28 March 2017
Tonight, the rather beautiful Hoxton Hall is packed to the rafters with people all here to witness a rare solo performance of Richard Barbieri. The hall looks like it’s more used to hosting Jacobean theatre productions rather than an evening of electronic music, but somehow the acoustics of the building work wonders in tonight’s performance.
It’s thirty-six years ago since I first saw Barbieri perform onstage with Japan at the old Hammersmith Odeon and have followed his career ever since, through his work with Jansen and Karn to being a member of Porcupine Tree. So I was looking forward to this evening’s performance and wondering what tricks Richard would pull out of the hat.Unfortunately, from where I was sitting I couldn’t get a good view of Richard’s synth set up, so I don’t really know what old and new equipment he was playing. He entered the stage and stood sentinel behind his arsenal of keyboards and opened the show with “Night of the Hunter” from his new album Planets + Persona, setting the mood for the whole evening with its mixture of experimentia and beauty. Joining Richard onstage was Lisen Rylander Love, who played some exquisite saxophone during some songs and added eerie and wordless vocals to others. Her contributions to Barbieri’s musical études in a live situation can not be stressed enough as she added a certain otherworldliness to some of the compositions. Barbieri pulled apart the song and reconstructed it totally, but still made it recognizable as the original. He laid beats in to it, but still kept the staccato sound of the synths during the chorus section. When he had finished, the hall erupted with wild applause. His only other trip back to his early Eighties past was a wonderful reconstructed working of “The Experience Of Swimming”, a track that Barbieri joked that his friend would call “dolphin music”.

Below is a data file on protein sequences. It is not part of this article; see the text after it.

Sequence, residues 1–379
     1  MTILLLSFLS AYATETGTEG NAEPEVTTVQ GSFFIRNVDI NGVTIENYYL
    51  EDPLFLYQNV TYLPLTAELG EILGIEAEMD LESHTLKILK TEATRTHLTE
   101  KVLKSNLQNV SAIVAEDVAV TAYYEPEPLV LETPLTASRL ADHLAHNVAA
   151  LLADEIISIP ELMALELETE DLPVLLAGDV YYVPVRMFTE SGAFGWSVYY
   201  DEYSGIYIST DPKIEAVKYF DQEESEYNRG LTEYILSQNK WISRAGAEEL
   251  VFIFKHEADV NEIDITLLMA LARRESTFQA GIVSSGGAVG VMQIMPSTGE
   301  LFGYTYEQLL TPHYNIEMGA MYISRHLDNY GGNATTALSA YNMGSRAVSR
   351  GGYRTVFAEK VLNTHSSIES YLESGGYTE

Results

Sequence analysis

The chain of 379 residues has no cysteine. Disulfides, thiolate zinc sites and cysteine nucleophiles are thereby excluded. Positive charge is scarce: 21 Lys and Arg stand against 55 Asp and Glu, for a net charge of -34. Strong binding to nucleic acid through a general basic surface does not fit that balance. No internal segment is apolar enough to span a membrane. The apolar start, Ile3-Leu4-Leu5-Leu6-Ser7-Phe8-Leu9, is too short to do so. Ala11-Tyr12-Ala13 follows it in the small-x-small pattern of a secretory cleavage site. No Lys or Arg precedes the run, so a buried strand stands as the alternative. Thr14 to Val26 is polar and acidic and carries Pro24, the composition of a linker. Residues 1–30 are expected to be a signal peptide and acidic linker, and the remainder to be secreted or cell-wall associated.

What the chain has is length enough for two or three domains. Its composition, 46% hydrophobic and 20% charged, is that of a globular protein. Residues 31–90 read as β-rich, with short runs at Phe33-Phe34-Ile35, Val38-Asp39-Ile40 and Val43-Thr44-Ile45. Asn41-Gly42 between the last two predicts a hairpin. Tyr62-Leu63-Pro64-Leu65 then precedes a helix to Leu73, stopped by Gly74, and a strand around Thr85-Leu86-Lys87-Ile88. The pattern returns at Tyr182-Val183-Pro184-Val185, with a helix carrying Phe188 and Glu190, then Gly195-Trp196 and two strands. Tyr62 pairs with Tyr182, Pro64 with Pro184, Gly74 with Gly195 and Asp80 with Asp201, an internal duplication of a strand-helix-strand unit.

Barbieri engaged with the audience wonderfully, with some self-deprecating and witty banter in between tracks and seemed to be enjoying himself immensely on stage. “I’m not used to that amount of applause”, he quipped at one point. While playing his instruments he was both studious and welcoming, and sometimes he would put look up to gaze out over the audience almost as if he was amazed to see so many people there.majestic power and beauty that I’ve seldom heard in a live setting. By the time the show had finished, the audience were applauding wildly and Richard seemed genuinely happy with tonight’s performance.
The whole show and evening felt like a celebration of the man and his music stretching back over the last thirty-odd years. Not only did his selection of material work well for the evening, but it just felt like there was something special floating around the air of that strange theatre in Hoxton.
-Words: Gary Parsons-
-Pictures: Marc Blackie-